From the 4 - 8 March, it’s National Apprenticeship Week! So, we thought we’d ask a couple of budding engineers why they became apprentices. More than that, we wanted to know if they had any regrets…
Did you know what you wanted to do with the rest of your life when you were in Year 9? Neither did Lexxi Evans!
So she had a chat with her parents. Her dad said he’d always wanted to be an architect but things hadn’t worked out. This planted a seed in her mind.
It’s so satisfying to bring an architect’s drawings to life in the real world – and I did it pretty much independently in my first year as an apprentice!
Making your mind up
“I’ve always loved art – and buildings too,” Lexxi says. “I’ve been interested in how they’re made since I was small. Being an architect made a lot of sense.
“I was lucky enough to get work experience at an architectual firm when I was at school. But it turned out it wasn’t the architect stuff that really interested me. It was engineering.
“I was introduced to computer-aided design (CAD) software – what engineers use to make designs and models. I got the hang of the basics in a couple of days. It was great to use my artistic skills to solve problems.
“That was it – I knew what I wanted to do! I chose the most relevant GCSEs, including art and computer science. But after my exams I couldn’t find the right engineering courses at colleges.”
The best way to learn
“I went to a careers fair and a lovely lady found me a two-year digital design engineering apprenticeship through CADCOE (Construction and Design Centre of Excellence) and TDS, a firm specialising in modelling for the construction industry. It was perfect for me.
“It’s been amazing to train while on the job. I’m doing the same kind of work as everyone in the office – we get to try everything. It’s a close team and everyone’s learning from each other. I love that there’s always more to find out!
“They even let me model a whole project on my own – a house made with a light, steel frame. It’s so satisfying to bring an architect’s drawings to life in the real world – and I did it pretty much independently in my first year as an apprentice!
“I’ve discovered I have a natural aptitude and a very strong passion for this line of work. I’ve loved every minute of my apprenticeship and I’m going to keep on loving it.”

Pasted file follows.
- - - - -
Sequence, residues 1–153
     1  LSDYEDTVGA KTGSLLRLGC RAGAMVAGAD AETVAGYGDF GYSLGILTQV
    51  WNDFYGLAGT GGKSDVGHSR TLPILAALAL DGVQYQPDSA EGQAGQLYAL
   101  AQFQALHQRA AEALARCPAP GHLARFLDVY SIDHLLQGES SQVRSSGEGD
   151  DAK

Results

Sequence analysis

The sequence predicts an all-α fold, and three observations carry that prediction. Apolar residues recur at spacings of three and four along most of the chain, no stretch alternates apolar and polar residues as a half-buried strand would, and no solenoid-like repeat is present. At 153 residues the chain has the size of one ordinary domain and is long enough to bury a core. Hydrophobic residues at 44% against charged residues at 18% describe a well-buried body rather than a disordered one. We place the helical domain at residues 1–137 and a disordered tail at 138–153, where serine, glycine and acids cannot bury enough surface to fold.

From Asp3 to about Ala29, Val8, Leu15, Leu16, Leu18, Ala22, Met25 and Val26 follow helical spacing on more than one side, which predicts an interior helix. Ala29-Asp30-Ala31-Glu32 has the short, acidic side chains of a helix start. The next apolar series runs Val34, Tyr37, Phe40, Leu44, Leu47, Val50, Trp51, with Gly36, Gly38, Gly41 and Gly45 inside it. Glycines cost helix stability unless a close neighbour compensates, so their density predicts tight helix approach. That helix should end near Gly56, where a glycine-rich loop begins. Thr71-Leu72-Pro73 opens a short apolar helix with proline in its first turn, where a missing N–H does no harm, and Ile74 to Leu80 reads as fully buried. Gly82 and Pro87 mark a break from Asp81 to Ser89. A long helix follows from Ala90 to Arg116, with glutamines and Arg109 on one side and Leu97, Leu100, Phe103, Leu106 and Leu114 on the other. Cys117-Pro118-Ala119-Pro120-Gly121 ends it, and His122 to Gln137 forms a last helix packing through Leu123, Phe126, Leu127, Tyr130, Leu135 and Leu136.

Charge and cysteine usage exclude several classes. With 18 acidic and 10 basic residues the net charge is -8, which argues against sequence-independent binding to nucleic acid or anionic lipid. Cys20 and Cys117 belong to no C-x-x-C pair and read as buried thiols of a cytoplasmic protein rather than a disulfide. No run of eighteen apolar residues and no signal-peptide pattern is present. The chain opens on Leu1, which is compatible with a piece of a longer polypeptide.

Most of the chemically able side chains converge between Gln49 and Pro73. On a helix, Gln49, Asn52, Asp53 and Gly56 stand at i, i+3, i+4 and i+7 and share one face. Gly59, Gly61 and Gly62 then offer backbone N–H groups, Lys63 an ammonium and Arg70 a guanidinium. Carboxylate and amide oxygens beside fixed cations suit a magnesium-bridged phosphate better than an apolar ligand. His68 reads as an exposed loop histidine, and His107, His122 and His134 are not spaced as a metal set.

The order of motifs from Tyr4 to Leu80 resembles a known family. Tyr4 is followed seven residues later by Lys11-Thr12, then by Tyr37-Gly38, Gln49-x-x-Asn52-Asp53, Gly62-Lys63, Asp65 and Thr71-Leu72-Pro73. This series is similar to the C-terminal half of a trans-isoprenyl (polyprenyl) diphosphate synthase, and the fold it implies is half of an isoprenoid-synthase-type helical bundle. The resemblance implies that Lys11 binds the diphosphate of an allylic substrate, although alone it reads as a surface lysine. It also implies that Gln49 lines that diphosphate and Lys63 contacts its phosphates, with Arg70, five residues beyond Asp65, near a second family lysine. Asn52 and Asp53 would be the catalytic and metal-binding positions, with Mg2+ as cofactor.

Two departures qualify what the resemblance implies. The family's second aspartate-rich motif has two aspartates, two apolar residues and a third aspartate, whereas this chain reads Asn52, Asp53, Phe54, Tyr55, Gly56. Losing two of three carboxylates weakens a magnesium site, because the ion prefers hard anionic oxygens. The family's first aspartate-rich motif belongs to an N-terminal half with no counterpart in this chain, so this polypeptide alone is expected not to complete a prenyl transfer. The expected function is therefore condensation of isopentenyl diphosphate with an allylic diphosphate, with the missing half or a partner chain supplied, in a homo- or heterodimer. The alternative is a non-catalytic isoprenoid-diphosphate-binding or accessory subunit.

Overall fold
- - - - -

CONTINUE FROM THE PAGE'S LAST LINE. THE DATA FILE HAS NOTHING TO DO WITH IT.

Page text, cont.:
Work on famous buildings
Lexxi’s fellow apprentice at TDS, Adam Rowley, also found that CAD engineering was a great outlet for his artistic abilities.
“I do drawings for my family – portraits for birthdays and so on. Drawing on a computer is different, but you still get to use that creativity. It’s something I really enjoy,” Adam says.
“It’s always interesting learning while working because there’s so much variety. And so many opportunities!
“I got to work on the design for No.1 Court at Wimbledon. Having a part to play on iconic buildings is something I really aspire to.
“The apprenticeship has already done a lot for me, given me a sense of maturity and responsibility. Some friends who stayed on at school are now wishing they’d done an apprenticeship instead!”
There’s so much variety and so many opportunities! I got to work on the No.1 Court at Wimbledon.
Go for it!
The two apprentices clearly have no regrets, but what advice do they have for people thinking about applying?
“Go for it!” Adam says. “Don’t hold back, because the opportunity may never come again and it could take you on a great new path in life.”
Lexxi agrees. “Take the leap and don’t let anyone tell you that you can’t. ‘Exceed your expectations’ is a phrase that keeps me going.
“What I’m achieving on my apprenticeship definitely continues to exceed my expectations!”